Computers never lie? Sadly, we trust too much in the magic of tech

It’s a lot further than you think, but it has already started. The singularity is the moment AI will improve itself at a rate faster than we can. From here it will unleash incomprehensible brilliance that could devastate humankind. Or so the movies say.

For the time being, we are living in an ordinary world of ordinary problems that AI has the opportunity to fix or make worse. Firmly in the experimentation phase, innovation is ripe with unintended consequences. Mark Zuckerberg’s former motto, move fast and break things, has been elevated to sacred credo throughout tech. In Machines Behaving Badly: The Morality of AI, the professor and all-round guru Toby Walsh makes the case that for AI it would do better to move slow and for god’s sake be careful.

AI is not separate from but a mirror of the world of its creation. It inherits the character, flaws and biases. This means that Alexa can be racist and sexist. What’s more, AI continues to concentrate power in the hands of the powerful, enabling verticals of control and surveillance that would be impossible in the most efficient human organisation.

We are indeed edging closer to a machine-assisted dystopia: today Amazon warehouse staff have their hand movements tracked and can receive an automated notice of their termination without any human involvement. Uyghurs in Xinjiang are tracked via facial recognition software, while the likelihood that American prisoners will reoffend is calculated via AI analysis. Even when humans remain the ultimate arbiters, automation bias will tip the scales in favour of the machines’ recommendations. We simply trust too much in the magic of tech.

This informs the purpose of Machines Behaving Badly: Walsh demystifies the utopian promises of AI and attacks the dangerous but resilient fallacy that computers never lie.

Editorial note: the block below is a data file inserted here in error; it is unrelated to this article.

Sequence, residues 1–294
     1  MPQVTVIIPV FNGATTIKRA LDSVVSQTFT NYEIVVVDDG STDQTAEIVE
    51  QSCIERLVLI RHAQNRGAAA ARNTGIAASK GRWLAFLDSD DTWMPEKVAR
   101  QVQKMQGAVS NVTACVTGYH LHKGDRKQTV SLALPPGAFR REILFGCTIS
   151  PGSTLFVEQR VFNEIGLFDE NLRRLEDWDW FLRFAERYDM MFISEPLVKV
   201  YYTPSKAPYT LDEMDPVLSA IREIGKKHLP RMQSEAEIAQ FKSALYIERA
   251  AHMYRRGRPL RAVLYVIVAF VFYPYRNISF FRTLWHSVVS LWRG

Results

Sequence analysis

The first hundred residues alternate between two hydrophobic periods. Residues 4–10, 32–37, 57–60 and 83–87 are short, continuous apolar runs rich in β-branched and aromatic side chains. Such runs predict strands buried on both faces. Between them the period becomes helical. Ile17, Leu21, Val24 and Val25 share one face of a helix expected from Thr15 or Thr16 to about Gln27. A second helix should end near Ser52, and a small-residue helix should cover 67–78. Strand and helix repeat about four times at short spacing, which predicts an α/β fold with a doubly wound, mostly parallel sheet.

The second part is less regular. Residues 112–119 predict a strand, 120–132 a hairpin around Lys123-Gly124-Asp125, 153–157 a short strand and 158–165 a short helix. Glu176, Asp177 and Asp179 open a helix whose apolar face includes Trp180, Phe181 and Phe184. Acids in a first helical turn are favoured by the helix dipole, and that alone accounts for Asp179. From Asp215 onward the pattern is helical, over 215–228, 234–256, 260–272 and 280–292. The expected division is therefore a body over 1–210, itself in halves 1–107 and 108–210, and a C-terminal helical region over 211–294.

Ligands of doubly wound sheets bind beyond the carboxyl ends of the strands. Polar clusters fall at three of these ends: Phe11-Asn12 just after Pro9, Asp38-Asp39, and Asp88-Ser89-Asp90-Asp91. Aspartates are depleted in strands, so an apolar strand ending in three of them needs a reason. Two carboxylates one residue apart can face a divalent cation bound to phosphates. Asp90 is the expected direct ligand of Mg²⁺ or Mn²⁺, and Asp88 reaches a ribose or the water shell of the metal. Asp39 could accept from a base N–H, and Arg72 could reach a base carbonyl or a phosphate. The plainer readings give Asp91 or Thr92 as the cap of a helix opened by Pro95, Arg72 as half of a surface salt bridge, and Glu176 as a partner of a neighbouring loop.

The lie has heritage: from the postwar generation, it was promised that machines could help us shed our messy prejudices and subjectivity to arrive at a cleaner objective reality. Walsh’s point is that clusters of virtual instances running machine-learning algorithms will not achieve escape velocity from our foibles any more than sorting machines and punchcards did. Yet the stakes have been raised and they are out in the fragmented, under regulated wild of the market.

As a guru who could land a plum job in the private sector, the author remains in academia at UNSW. Yet he admits the cutting edge has graduated from universities and bedded down in the world’s Silicon Valleys. The context of invention is again important: here, agile is the dominant methodology. Not just a buzzword, it means delivering an imperfect product to market then incrementally improving it. Agile is baked into the commercial DNA of every startup and Big Tech outfit. Anything more cautious is viewed as clunky and old-fashioned and unlikely to attract venture capital that will go to the swift and brash.

Walsh also concedes, if a little bashfully, that AI inherits the lack of diversity in tech. This isn’t only race and gender, but the specific character of the nerds inventing it. The author’s partner can see them coming a mile off. That must be one of yours? she asks at an airport on their way to an AI conference. She’s right almost every time. The narrowness inherent in specialisation, with wild demand for their skills, the hype around their achievements and the power invested in their decision-making, all spell hubris.

Yet it’s not all bad. There is tremendous capacity for AI to help out with our thorniest problems, such as the climate crisis, medical decision-making and analysis. In the most interesting portion of the book, Walsh explains that by attempting to replicate our own intelligence we uncover and appreciate which aspects make our intelligence unique. An AI revolution could make us more, rather than less, human.

Whatever the case, Walsh states that AI could be our final invention. There are two ways to read this idea – the more optimistic, that we can appreciate our humanity while machines will do the inventing. The second need not be transcribed here.

Machines Behaving Badly: The Morality of AI by Toby Walsh is published by La Trobe University Press, $32. 99.

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